The choice activity makes it possible to model process branching. To model process branching, the process must evaluate one or more rules to reach a decision, and then specify which activity to run as a result of that decision.

  • The choice activity must include the select element.
  • The select element must include one or more case elements.
  • Each case element links the outcome of a rule to a child activity. The activity attribute in the case element identifies the child activity to run.
  • Each case element has a ref attribute, which contains the name of a rule that is defined at the top of the process. Case elements refer to rules instead of conditions because:
    • A rule can contain more than one condition. If a rule element contains more than one condition, all the conditions in the rule must be true in order for the rule to be true.
    • A condition is a single entity within a rule.
  • If the rule is true, the activity runs.
  • If the rule is false when the negative attribute is true, the activity runs.
  • Multiple cases can reference the same activity. However, the activity runs only once.
  • If an activity is not referenced, it does not run.
  • If no activity runs, the choice activity completes immediately.
  • Use a choice element with a simple activity to model a deferred activity.
  • Priorities and defaults are modeled through rule dependencies, not through the order of the case elements.

When the business process runs the choice activity, Sterling B2B Integrator checks the case statements in the order that they are listed in the select element. These statements are evaluated one by one as OR statements (not AND), similar to a common switch structure. The first statement to evaluate to true is the one that executes. At that point the case statement short circuits and completes execution. The system does not continue to evaluate further case statements.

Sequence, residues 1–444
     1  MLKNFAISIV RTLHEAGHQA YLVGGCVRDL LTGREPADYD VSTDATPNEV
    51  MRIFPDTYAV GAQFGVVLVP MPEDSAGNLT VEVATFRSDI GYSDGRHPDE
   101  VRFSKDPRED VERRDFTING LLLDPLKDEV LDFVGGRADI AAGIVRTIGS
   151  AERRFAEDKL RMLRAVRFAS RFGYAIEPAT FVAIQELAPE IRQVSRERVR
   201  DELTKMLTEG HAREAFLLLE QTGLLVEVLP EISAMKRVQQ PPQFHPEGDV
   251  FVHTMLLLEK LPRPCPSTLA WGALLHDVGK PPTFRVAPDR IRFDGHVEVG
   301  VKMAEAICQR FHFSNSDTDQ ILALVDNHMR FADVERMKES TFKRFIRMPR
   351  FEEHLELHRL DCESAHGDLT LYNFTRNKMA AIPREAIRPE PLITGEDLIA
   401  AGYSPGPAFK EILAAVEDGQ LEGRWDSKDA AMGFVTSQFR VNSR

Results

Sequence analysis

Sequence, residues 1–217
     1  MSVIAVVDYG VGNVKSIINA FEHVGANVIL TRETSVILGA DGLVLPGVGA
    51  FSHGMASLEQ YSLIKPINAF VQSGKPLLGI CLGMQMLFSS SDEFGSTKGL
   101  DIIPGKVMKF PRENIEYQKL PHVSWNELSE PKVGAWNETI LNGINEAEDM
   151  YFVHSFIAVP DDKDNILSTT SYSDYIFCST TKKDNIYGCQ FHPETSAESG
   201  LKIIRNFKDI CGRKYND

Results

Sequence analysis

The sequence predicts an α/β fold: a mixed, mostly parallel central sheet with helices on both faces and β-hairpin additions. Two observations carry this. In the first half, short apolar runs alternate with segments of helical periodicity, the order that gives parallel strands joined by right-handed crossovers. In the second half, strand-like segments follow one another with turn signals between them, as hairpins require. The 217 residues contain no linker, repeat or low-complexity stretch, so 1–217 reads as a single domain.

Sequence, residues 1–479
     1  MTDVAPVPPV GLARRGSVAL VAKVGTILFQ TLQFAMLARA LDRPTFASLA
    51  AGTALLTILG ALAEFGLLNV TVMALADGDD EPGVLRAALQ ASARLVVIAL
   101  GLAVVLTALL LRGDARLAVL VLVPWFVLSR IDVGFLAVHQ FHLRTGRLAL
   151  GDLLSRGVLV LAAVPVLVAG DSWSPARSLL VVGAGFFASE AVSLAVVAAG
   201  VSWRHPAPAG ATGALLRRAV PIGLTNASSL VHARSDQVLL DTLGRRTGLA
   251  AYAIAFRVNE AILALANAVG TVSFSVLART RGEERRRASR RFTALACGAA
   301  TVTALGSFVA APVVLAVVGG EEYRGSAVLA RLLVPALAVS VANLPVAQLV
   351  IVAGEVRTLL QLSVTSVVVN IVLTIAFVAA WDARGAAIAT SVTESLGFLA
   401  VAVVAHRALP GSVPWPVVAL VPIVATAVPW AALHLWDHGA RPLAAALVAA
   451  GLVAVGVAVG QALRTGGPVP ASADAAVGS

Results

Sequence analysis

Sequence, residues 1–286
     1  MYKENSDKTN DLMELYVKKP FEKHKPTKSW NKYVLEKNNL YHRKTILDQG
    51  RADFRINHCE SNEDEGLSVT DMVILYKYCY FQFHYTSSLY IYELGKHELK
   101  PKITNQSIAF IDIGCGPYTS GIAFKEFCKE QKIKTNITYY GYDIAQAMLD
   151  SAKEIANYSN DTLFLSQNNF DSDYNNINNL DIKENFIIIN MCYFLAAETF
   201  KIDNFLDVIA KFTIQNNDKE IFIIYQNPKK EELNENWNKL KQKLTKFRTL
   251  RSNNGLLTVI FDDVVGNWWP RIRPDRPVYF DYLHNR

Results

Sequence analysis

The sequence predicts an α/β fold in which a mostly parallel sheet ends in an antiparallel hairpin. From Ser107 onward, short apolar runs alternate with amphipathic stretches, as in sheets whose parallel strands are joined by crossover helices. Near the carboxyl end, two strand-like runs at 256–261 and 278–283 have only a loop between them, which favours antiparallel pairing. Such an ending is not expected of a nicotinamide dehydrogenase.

For example, the first case statement in the select element determines whether the rule is true. If the rule is true, the activity named by the activity attribute is executed immediately. When that activity completes, the choice activity is complete. If the second case statement in the select element refers to the same rule as the first but has a negative attribute set to true, then the case statement executes the named activity if the rule is false.

In the online bookseller example discussed in previous sections, the Process Customer Book Order process verifies a customer's credit card only if the book the customer selects to buy is in stock. The BookInStock rule is true if the book is in stock and false if the book is out of stock.

If the inventory system determines that the book is in stock, the rule referred to in the case statement is true and the proceed activity is run.

<process name="ProcessCustomerOrder">
   <rule name="BookInStock">
      <condition>foundBook = true </condition>

      <operation name='Check Inventory'>
         <participant name='InventoryService' />
         <output message='checkStockRequest'>
            <assign to='ISBN'>1-56592-488-6</assign>
         <input message name='checkStockResponse'>
            <assign to='foundBook' from='InStock' />

            <case ref="BookInStock" activity="proceed"/>
            <case ref="BookInStock" negative="true" activity="stop"/>

         <sequence name="proceed">
            <operation name='Verify Credit Card'> … </operation>

         <sequence name="stop">
            <operation name='Apologize to Customer'> … </operation>

      <operation name='Update customer on status'> … </operation>